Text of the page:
This pattern had two collars, one a big camp collar and the other a high stand up collar. I wanted a real rib knit bomber collar. No pattern!  I pinch hit and it came out OK. I just folded the rib knit and cut out a crescent. Fingers were crossed and whew,,, it worked. Every seam was bulky. The next thing that was a bother were the shoulder seams, a definite pattern issue. I have seen this on more patterns, both indie and the big guys. The pattern gives you a clear dropped shoulder. Then it has you attach a sleeve with easing. There is no bump, lump or bone for the fabric to go over where these seams meet and therefore no need for ease. Well, you've got it and you are left with unsightly easing puffs in the middle of your bicep. I steamed the bejeepers out of this seam to rid the sleeve of this easing puffiness which would have been fine if the sleeve had to go over a shoulder bone. Someone behind a computer, at some point, stuck a regular sleeve on a dropped shoulder, never having the knowledge that no enlargement would be needed as the sleeve draped straight down the bicep. Trust me. Take a look at dropped shoulder patterns. You will see this mess everywhere. Check any dropped shoulder patterns you do so you can eliminate the extra before sewing this area. Luckily, my velvet took the abuse well, as you can see above.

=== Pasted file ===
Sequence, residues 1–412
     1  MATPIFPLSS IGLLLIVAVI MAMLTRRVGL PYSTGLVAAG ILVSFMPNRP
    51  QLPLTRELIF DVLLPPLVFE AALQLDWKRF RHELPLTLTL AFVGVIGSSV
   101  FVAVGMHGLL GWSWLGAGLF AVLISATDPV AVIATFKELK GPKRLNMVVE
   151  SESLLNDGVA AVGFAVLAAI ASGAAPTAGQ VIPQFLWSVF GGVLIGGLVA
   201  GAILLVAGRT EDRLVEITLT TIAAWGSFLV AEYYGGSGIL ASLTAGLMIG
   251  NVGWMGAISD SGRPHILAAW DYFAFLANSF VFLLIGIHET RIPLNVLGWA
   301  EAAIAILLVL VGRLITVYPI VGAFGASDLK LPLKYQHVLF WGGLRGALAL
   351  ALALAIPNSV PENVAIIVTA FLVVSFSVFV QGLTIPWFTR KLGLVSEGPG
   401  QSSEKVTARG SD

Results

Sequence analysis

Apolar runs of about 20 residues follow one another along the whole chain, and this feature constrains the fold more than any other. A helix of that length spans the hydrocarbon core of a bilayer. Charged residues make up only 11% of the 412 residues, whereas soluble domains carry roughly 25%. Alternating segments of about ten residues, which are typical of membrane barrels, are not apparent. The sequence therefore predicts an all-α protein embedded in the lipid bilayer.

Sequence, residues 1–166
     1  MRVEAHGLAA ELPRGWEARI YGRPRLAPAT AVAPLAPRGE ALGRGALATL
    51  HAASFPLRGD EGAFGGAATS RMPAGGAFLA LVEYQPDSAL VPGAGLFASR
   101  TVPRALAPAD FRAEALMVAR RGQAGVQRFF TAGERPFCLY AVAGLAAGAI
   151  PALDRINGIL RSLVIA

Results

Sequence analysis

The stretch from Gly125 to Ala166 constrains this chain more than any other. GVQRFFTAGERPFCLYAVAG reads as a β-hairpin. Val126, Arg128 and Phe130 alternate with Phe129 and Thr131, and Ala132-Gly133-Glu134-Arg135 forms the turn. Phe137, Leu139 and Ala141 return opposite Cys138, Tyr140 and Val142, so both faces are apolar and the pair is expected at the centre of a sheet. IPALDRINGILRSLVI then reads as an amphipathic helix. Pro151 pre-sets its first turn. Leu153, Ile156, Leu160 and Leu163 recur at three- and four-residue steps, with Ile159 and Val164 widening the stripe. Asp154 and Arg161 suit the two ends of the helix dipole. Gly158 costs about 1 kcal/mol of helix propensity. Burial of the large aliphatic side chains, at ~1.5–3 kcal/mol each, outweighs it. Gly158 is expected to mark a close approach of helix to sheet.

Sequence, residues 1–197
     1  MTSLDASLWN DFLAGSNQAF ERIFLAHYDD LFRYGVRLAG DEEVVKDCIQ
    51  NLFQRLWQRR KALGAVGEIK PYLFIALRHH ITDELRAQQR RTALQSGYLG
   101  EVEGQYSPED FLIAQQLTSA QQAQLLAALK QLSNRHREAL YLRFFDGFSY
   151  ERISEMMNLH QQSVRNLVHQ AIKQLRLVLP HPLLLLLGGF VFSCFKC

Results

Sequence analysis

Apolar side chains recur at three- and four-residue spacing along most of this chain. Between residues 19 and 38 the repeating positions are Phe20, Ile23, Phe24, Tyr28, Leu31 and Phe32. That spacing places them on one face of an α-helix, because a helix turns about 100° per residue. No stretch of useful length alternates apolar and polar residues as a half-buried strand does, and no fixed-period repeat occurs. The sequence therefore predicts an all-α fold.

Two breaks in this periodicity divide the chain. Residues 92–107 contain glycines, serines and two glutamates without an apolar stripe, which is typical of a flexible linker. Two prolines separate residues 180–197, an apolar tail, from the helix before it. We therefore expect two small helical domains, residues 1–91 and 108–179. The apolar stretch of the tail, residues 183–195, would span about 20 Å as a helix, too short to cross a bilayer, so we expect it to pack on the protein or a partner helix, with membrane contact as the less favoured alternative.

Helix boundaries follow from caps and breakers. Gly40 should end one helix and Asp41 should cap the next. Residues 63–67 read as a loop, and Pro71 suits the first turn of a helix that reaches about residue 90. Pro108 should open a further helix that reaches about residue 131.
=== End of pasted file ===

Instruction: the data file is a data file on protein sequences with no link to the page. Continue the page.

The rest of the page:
The jacket had welt pockets. While I like welt pockets, these are uncomfortable to use. They are set too high and in just a weird spot. Having looked at other such pockets in my research, they were also set in the same weird spot. They don't look bad. They just feel bad. You can't lower them because the pocket bags have no place to go. Nature of the beast, I guess. They are pretty, though. It had been a while since I had done welt pockets so I watched a lot of vids and did many samples before committing. If you do a mockup for your bomber jacket, make a pocket, just one, and make sure you like it. If you don't, just do a faux pocket, a lot less work.  Also, just look closely at the pockets in the pics above and you will see what I mean.